The basic state pension will rise to £119.30 a week from April 2016, the Treasury confirmed.
Chancellor George Osborne will highlight the £570 a year rise in his Autumn Statement next week, despite criticisms of the protections being afforded OAPs at a time of deep cuts to working-age welfare and public spending.
The 2.9% rise matches the rise in average earnings - one of the three "triple lock" safeguards in place to ensure pensioners receive a minimum of 2.5% extra each year, regardless of low inflation.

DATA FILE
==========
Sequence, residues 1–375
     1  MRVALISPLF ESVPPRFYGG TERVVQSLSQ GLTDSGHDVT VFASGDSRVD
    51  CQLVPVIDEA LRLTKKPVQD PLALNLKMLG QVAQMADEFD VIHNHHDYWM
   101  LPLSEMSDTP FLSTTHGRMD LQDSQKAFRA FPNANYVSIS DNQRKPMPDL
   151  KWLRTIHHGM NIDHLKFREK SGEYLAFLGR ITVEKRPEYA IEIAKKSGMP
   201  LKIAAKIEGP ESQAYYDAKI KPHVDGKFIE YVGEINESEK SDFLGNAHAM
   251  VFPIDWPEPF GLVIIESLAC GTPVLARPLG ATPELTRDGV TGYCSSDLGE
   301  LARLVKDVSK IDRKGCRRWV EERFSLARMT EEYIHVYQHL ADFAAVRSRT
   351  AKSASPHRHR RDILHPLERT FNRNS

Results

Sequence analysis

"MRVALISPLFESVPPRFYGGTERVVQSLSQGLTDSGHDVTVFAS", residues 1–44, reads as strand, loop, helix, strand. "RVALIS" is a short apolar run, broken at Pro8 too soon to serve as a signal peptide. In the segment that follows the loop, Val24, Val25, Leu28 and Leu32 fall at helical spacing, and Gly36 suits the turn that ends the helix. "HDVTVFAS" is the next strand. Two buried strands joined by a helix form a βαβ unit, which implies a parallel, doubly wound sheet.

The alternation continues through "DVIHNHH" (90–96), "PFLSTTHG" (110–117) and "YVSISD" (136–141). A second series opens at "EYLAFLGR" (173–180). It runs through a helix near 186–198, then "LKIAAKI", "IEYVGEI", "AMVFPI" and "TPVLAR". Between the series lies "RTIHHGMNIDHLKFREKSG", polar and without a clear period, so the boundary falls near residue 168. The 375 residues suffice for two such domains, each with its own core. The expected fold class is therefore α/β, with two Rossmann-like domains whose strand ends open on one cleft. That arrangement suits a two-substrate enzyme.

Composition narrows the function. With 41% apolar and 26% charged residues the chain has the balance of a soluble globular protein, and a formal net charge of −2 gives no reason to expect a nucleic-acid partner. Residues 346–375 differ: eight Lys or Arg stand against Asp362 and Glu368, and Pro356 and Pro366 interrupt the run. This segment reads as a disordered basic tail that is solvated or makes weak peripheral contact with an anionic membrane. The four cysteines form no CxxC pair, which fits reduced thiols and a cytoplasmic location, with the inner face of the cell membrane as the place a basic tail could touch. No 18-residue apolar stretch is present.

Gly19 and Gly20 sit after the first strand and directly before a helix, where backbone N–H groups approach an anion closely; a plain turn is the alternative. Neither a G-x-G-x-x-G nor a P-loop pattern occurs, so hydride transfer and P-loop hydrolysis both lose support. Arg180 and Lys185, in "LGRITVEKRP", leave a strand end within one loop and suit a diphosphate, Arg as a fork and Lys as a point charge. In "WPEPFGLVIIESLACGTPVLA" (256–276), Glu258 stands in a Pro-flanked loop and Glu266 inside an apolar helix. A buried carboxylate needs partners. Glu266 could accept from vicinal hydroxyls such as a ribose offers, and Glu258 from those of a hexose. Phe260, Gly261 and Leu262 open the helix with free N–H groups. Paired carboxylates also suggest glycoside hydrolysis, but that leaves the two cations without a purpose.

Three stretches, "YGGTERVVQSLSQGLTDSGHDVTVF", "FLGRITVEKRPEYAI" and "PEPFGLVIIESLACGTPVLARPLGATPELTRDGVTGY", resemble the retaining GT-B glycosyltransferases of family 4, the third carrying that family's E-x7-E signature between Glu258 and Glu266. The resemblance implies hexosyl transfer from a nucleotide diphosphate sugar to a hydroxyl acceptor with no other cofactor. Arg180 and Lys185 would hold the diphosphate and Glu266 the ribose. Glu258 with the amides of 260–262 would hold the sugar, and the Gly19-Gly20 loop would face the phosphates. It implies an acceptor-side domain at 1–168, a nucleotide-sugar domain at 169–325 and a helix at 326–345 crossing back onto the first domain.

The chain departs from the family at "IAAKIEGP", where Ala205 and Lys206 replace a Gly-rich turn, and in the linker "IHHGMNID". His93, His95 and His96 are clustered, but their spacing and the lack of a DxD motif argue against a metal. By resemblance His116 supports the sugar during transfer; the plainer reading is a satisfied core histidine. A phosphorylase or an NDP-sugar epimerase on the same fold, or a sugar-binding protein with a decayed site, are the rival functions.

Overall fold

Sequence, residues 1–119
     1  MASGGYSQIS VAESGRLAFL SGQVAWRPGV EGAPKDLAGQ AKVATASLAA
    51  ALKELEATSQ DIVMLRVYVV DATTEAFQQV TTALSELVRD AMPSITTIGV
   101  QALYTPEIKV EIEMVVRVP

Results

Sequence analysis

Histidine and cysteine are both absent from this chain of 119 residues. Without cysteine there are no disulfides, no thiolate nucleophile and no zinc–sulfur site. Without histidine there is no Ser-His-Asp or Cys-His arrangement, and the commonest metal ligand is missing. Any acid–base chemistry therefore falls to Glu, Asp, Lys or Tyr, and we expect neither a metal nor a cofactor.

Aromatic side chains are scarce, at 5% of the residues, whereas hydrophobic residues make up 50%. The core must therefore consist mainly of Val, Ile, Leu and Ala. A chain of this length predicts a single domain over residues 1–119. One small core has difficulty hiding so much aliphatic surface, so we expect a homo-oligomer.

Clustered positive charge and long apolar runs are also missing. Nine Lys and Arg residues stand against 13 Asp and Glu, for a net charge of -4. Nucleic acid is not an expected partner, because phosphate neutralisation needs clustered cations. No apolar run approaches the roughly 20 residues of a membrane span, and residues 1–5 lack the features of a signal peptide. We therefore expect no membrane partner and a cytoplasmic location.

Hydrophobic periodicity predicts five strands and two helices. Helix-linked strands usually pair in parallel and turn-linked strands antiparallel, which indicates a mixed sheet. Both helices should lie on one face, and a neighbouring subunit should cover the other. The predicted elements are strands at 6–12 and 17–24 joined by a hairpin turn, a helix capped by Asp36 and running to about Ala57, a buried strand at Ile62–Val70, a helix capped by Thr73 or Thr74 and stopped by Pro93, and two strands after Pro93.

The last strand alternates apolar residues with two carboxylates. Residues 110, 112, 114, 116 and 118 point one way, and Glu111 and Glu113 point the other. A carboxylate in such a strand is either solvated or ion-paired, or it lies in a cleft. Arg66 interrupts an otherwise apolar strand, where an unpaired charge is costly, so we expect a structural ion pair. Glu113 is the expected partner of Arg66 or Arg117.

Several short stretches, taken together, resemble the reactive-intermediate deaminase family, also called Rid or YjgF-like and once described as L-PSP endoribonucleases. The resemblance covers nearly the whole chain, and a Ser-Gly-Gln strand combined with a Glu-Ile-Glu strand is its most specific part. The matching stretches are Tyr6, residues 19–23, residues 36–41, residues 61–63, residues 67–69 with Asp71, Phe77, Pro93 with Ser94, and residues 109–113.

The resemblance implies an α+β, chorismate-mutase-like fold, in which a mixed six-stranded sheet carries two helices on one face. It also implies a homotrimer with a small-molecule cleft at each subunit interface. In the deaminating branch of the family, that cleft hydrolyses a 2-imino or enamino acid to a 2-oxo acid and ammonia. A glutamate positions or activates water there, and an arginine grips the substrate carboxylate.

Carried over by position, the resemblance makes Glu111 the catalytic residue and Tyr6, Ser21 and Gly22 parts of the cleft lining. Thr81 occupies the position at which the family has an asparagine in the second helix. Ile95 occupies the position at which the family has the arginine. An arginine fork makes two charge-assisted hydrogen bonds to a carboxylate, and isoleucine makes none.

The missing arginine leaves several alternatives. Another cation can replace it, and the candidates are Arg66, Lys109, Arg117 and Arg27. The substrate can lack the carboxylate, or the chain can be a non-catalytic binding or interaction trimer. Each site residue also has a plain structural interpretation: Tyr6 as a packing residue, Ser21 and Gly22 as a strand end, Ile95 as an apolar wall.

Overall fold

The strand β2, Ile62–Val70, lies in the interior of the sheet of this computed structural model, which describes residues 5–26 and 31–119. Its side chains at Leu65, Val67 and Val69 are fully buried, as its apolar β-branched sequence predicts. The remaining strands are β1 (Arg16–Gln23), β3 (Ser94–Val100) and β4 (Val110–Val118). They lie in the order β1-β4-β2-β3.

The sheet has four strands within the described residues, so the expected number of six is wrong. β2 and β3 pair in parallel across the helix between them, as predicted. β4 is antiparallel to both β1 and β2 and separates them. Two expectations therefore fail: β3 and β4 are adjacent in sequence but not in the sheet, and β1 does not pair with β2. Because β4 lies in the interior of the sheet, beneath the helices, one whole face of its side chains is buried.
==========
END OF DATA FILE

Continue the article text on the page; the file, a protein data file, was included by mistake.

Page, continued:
It will take total spending on the state pension to £95 billion next year.
Pensions minister Ros Altmann said: "Over the last quarter of a century, pensioners have fallen below the rest of society as average earnings have done so much better than the increases in the state pension.
"Since 2010, we have really begun to correct that.
'We are now back to the highest level for a quarter of a century - and quite right too. Pensioners deserve to be treated much better than they have been in the past and to have security in retirement.
'They've done their best for society, worked hard, and we owe them."